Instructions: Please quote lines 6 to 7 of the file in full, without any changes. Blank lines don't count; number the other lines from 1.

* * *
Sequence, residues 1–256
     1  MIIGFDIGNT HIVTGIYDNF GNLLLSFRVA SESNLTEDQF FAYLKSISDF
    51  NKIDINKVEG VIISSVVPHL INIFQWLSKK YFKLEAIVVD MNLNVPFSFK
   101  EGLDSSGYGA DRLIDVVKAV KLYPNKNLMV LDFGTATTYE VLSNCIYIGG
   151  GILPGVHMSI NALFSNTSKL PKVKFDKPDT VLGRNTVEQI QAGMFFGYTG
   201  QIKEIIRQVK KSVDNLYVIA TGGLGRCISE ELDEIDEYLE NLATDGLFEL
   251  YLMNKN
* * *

   201  QIKEIIRQVK KSVDNLYVIA TGGLGRCISE ELDEIDEYLE NLATDGLFEL
   251  YLMNKN